Kris Denn marched into the public chambers of the Warders’ Circle. Three steps ahead, Nik held the Rumikan flag high, a golden chimera on a red-and-white field. Musicians on pipes walked alongside Kris, playing the melody to the Rumikan epic of Yel the Wise. Alyx and other attendants followed, the Rumikan entourage for the Gauntlet eight strong.
This last year of Kris’s life had built to this day. Every drill, every sparring session, every working dinner and stop in their tour across Rumika, every session cramming names and figures and laws and histories of trade deals. Yet it was all for nothing unless they succeeded today and in the days ahead.
The chamber was full, with dozens of Rumikans in the guest gallery—more than Kris had seen together since leaving home. The cheering was as loud as the invitational tournaments back home, contests that were each a step Kris had taken on the path to be here today.
Kris wore a close-fitting jacket in red and white and a brand-new set of breeches, the outfit specially made for the Gauntlet.
Yochno Vens met Kris and their entourage at the edge of the stage. Kris bowed to Yochno, who answered with a deep nod. Then the seneschal turned and addressed the room, his rich voice carrying throughout the chambers.
“Kris Denn of Rumika has requested the opportunity to address the Circle.”
All six of the current warders were present, their boxes full. Each was dressed formally, though Kris could see combat tunics and leathers here and there beneath the finery. Such was the life of a warder, the life Kris was about to claim for their own. Both flash and substance, silk and steel.
Kris stepped up onto the central platform, the eyes of the entire room pressing in on them like an advancing pike wedge. But this was Kris’s day, not theirs.
“Warders of the Circle, friends and colleagues, and our esteemed guests. I speak with the voice of Rumika, a proud people who are ready to step into the broader world and take their place among the great nations of the Circle.”
Kris drew their sword and carved the Sigil of Challenge, one of the most intricate sigils they had ever learned: sweeping arcs with precise angles, triangles inside of squares inside of circles that had to connect just so. They’d practiced the sigil a hundred times, then a hundred more.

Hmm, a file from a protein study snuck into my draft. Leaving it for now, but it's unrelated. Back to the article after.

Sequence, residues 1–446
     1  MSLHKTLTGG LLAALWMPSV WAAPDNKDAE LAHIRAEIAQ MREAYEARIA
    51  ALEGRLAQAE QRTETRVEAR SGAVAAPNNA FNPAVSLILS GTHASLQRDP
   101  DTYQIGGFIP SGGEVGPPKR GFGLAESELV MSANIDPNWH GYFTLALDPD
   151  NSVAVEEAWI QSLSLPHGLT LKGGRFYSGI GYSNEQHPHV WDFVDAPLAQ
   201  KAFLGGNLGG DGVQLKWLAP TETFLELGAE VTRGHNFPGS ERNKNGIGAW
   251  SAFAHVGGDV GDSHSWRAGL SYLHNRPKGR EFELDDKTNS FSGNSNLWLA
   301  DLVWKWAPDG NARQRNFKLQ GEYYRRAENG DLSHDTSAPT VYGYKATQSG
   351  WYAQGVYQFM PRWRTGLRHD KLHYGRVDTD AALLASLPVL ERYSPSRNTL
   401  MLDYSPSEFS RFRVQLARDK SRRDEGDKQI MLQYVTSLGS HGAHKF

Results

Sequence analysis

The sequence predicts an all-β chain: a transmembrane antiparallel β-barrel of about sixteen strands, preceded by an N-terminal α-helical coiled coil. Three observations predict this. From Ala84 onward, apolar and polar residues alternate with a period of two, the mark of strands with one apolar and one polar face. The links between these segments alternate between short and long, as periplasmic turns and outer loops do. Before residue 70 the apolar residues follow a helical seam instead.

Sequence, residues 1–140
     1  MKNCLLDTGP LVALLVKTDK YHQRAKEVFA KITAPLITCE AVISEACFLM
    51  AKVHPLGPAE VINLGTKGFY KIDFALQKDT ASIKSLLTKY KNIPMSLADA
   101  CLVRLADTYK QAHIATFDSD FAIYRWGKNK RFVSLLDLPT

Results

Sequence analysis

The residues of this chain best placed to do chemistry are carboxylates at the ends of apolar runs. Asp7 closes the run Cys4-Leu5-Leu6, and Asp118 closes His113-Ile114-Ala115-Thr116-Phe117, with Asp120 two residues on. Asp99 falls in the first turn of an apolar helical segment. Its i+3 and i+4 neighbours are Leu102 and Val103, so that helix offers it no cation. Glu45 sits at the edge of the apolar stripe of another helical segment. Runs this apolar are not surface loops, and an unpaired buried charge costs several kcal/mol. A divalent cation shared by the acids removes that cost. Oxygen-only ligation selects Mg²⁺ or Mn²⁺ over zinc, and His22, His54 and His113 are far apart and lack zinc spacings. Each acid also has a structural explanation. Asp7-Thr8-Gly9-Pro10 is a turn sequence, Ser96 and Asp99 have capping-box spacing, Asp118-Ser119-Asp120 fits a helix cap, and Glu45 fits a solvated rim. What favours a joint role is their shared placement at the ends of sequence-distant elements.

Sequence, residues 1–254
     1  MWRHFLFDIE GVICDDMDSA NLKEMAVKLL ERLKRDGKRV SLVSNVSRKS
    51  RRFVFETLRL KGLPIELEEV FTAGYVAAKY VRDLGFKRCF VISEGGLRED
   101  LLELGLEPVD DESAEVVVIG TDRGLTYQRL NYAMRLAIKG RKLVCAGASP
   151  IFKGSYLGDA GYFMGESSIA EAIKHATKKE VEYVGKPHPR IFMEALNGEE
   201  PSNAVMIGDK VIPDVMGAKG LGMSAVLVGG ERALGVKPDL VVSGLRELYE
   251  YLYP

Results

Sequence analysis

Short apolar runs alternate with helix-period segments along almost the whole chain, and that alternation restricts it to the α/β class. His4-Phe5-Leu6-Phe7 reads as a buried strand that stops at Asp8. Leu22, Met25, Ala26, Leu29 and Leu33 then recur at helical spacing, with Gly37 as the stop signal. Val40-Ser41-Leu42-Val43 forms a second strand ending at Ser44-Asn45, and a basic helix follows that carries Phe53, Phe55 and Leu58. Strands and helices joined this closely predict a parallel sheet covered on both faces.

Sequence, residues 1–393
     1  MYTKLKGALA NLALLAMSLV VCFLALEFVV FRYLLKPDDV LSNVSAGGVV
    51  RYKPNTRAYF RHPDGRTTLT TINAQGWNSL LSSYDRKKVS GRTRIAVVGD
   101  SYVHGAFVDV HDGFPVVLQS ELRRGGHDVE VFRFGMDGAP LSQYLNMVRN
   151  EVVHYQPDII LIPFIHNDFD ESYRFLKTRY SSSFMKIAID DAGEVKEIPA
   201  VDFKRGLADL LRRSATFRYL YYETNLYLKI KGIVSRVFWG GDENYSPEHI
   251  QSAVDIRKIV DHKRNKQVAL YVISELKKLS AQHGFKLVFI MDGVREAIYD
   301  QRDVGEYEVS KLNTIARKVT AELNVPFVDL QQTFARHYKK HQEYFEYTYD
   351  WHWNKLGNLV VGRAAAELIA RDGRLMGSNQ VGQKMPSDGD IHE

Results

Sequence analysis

As they finished the final swoop of the blade, the sigil flashed. The light arced to the altar of challenge, forming a glowing ring showing the flags of the six nations of the Circle. As each nation met Kris’s challenge, their icon would glow in support or darken in opposition.
“The Challenge of the Gauntlet is called!” Yochno declared, ringing the ceremonial bell. “Who shall answer?”
Ojo stepped forward, twin blades on his hip. “Quloo answers.” He showed a hint of a smile. More than anyone, Ojo had helped Kris prepare for this day, so it was fitting Kris would test their mettle against him first.
Quloo claiming the first position in the Gauntlet was a major win. The other nations of the Circle decided among themselves the order that would follow.
The senior Quloi warder stepped up onto the platform and extended a hand to shake. “May you do your people proud,” he said, softly enough that only Kris and Yochno could hear. Kris smiled.
“I intend to.”
On his side of the field, Ojo stretched, but his face was calm. Adechike stood beside him holding Ojo’s blades, animated as he talked about something.
Yochno walked to the center of the dueling arena with the bell.
“The Gauntlet begins! Kris Denn of Rumika challenges and Ojo Kante, Warder of Quloo, answers.”
Kris and Ojo shook hands as Yochno explained the rules. Each duel would be by bladecraft, to the first touch. For each duel, the warder could call a halt and cast their vote in support without a touch being needed. Kris knew this all by heart.
Hurry up and start already, Kris thought, barely keeping the words from their lips.
Endless moments later they were ready to begin. Kris had their plan in mind—empowering sigils for speed to accentuate their advantage, strength to compensate for their weaknesses, then magical attacks as they closed. Stay just outside Ojo’s range, then move in for a quick strike and then out of measure immediately. In and out. Don’t get bogged down.
But even the best plans were like paper umbrellas in the rain.
Yochno’s bell rang,...